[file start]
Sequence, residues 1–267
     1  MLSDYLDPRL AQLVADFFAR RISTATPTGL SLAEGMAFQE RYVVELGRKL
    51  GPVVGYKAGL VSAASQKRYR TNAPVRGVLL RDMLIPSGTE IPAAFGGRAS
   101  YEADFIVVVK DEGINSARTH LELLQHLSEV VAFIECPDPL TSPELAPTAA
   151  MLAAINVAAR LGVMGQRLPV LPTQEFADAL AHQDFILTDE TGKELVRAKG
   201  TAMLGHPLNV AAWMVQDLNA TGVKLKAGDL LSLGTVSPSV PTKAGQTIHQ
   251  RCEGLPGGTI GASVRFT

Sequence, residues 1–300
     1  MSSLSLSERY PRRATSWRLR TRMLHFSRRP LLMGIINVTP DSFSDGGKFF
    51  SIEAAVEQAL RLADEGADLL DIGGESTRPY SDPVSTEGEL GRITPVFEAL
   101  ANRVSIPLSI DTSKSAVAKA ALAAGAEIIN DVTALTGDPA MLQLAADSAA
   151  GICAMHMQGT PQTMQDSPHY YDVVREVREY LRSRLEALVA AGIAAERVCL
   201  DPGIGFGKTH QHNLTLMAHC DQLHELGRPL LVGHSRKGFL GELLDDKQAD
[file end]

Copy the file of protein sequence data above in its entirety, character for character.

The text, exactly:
Sequence, residues 1–267
     1  MLSDYLDPRL AQLVADFFAR RISTATPTGL SLAEGMAFQE RYVVELGRKL
    51  GPVVGYKAGL VSAASQKRYR TNAPVRGVLL RDMLIPSGTE IPAAFGGRAS
   101  YEADFIVVVK DEGINSARTH LELLQHLSEV VAFIECPDPL TSPELAPTAA
   151  MLAAINVAAR LGVMGQRLPV LPTQEFADAL AHQDFILTDE TGKELVRAKG
   201  TAMLGHPLNV AAWMVQDLNA TGVKLKAGDL LSLGTVSPSV PTKAGQTIHQ
   251  RCEGLPGGTI GASVRFT

Sequence, residues 1–300
     1  MSSLSLSERY PRRATSWRLR TRMLHFSRRP LLMGIINVTP DSFSDGGKFF
    51  SIEAAVEQAL RLADEGADLL DIGGESTRPY SDPVSTEGEL GRITPVFEAL
   101  ANRVSIPLSI DTSKSAVAKA ALAAGAEIIN DVTALTGDPA MLQLAADSAA
   151  GICAMHMQGT PQTMQDSPHY YDVVREVREY LRSRLEALVA AGIAAERVCL
   201  DPGIGFGKTH QHNLTLMAHC DQLHELGRPL LVGHSRKGFL GELLDDKQAD